Americans are ‘cautiously optimistic’ about housing market in 2017
Kelly Leighton
Feb 6, 2017
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In the new year, Americans are remaining “cautiously optimistic” about the housing market, according to the ValueInsured Modern Homebuyer Survey.

Sixty-nine percent of respondents reported that they think the housing market will be better in 2017 than it was in 2016. Fifty-eight percent of Americans, including 62 percent of millennials, said that they think the housing market will be better for them personally this year. Nearly three-quarters of homeowners believe it will be easier for them this year to upgrade to a new home.

Millennials who are not currently homeowners are the most optimistic about the housing market this year. Forty-one percent believe that 2017 will be an easier time for them to buy, while 44 percent said they are ‘confident’ they can afford a down payment, an increase of 6 percent from September, and 14 percent from March.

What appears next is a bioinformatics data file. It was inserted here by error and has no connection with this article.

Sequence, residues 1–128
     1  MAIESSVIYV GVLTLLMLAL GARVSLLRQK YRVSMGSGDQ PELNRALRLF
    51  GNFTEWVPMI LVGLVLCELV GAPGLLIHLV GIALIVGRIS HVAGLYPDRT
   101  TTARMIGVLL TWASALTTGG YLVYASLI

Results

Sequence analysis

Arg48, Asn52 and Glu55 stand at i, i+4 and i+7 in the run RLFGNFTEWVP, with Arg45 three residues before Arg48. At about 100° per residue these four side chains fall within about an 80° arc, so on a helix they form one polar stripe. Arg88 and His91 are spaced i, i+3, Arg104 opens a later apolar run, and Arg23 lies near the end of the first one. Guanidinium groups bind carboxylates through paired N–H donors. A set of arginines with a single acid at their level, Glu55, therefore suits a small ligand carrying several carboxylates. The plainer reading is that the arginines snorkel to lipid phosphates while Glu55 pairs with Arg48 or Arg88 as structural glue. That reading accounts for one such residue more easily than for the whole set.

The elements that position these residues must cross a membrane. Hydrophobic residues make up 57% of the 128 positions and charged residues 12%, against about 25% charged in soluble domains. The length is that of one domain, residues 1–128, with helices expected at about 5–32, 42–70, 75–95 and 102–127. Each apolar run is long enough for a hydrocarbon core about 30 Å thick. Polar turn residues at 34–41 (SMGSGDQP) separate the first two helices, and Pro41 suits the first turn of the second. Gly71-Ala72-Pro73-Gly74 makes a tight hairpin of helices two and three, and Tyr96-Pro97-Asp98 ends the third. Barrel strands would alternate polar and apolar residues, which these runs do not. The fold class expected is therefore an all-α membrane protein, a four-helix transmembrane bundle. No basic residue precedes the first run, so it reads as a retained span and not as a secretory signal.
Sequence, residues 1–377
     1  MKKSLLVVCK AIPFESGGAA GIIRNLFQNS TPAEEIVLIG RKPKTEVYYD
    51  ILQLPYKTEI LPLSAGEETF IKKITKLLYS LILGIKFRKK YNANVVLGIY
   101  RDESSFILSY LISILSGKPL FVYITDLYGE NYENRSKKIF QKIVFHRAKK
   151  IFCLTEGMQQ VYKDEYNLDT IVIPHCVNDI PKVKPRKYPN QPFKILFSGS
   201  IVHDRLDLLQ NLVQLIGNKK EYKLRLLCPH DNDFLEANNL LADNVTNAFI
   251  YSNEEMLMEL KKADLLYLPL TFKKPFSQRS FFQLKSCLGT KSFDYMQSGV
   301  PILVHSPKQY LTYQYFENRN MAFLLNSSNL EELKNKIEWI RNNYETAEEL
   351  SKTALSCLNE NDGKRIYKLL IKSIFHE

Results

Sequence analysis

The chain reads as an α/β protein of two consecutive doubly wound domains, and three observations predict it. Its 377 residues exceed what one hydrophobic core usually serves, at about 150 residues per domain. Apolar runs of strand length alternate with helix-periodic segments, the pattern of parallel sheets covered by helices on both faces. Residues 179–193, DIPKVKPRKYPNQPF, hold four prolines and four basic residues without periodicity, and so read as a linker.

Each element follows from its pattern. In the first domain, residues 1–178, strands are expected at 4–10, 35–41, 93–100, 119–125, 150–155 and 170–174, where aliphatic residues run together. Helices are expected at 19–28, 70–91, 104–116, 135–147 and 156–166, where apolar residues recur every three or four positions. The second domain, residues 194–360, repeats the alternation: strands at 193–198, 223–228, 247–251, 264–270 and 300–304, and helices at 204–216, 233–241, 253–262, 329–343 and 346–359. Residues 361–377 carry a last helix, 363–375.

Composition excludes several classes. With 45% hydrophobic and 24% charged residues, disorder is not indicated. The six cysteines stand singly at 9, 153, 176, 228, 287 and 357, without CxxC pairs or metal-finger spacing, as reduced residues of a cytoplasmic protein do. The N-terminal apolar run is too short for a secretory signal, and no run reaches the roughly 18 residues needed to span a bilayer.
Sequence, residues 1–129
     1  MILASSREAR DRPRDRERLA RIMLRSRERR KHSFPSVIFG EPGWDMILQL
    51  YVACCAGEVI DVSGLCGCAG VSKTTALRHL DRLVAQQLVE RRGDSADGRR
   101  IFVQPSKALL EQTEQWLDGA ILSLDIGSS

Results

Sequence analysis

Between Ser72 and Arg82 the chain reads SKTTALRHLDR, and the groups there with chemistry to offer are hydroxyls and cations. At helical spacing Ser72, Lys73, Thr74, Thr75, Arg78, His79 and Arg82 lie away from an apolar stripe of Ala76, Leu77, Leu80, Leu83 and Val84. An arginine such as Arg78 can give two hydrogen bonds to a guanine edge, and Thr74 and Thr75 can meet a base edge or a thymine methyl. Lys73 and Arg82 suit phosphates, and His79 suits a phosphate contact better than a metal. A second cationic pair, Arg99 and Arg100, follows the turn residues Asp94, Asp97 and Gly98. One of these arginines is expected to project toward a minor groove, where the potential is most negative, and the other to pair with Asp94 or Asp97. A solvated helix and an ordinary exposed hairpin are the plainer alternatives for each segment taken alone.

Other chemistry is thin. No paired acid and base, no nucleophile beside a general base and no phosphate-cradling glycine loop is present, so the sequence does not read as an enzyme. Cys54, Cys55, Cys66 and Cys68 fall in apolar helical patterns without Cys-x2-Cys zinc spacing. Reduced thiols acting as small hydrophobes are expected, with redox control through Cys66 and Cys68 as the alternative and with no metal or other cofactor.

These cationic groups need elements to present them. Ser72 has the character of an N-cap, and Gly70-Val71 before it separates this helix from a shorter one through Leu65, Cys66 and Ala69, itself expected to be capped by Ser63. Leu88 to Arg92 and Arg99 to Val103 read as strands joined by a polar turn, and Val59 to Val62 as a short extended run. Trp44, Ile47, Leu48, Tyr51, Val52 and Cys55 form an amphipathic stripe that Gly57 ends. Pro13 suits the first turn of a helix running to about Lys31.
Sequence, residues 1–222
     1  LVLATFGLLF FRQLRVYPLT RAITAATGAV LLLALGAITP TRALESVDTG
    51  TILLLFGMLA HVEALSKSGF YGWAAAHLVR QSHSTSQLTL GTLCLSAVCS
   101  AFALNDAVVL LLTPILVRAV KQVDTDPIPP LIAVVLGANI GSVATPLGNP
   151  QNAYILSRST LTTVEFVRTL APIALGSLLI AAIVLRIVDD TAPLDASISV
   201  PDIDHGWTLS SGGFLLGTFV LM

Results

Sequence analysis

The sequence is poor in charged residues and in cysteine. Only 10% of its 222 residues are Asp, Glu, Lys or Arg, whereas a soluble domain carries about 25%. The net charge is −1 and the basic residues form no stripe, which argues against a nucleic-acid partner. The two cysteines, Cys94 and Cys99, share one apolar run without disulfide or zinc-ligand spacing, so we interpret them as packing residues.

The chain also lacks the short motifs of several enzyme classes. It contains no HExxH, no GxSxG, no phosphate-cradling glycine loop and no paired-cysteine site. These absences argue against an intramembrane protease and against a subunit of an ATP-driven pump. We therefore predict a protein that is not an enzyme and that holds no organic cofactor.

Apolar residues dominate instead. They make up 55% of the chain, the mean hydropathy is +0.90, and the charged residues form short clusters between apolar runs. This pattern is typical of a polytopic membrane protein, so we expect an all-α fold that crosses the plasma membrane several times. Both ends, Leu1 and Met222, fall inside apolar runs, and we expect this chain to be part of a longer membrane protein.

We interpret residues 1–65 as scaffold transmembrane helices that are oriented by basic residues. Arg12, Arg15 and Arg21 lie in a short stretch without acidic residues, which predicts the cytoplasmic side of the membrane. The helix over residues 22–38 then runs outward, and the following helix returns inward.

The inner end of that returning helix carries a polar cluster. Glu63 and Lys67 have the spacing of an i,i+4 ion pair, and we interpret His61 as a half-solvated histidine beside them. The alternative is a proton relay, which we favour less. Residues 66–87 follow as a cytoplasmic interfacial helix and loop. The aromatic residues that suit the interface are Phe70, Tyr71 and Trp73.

“I recommend Americans, especially first-time buyers, absolutely pursue their dream of owning a home,” said Joe Melendez, CEO of ValueInsured. “But it’s up to us as an industry to help make them feel more confident in doing so, and that starts with us giving them greater certainty by protecting their down payments.”

Yet, homeowners are less confident now than they were in September that their homes are worth what they bought them for, and they are also less sure that home prices in their area will keep rising. However, 53 percent believe if they purchase a home this year, it will increase in value by 2018.

But 78 percent of Americans think purchasing is a better option than renting. And owning a home is still a pivotal part of the American Dream, according to 79 percent.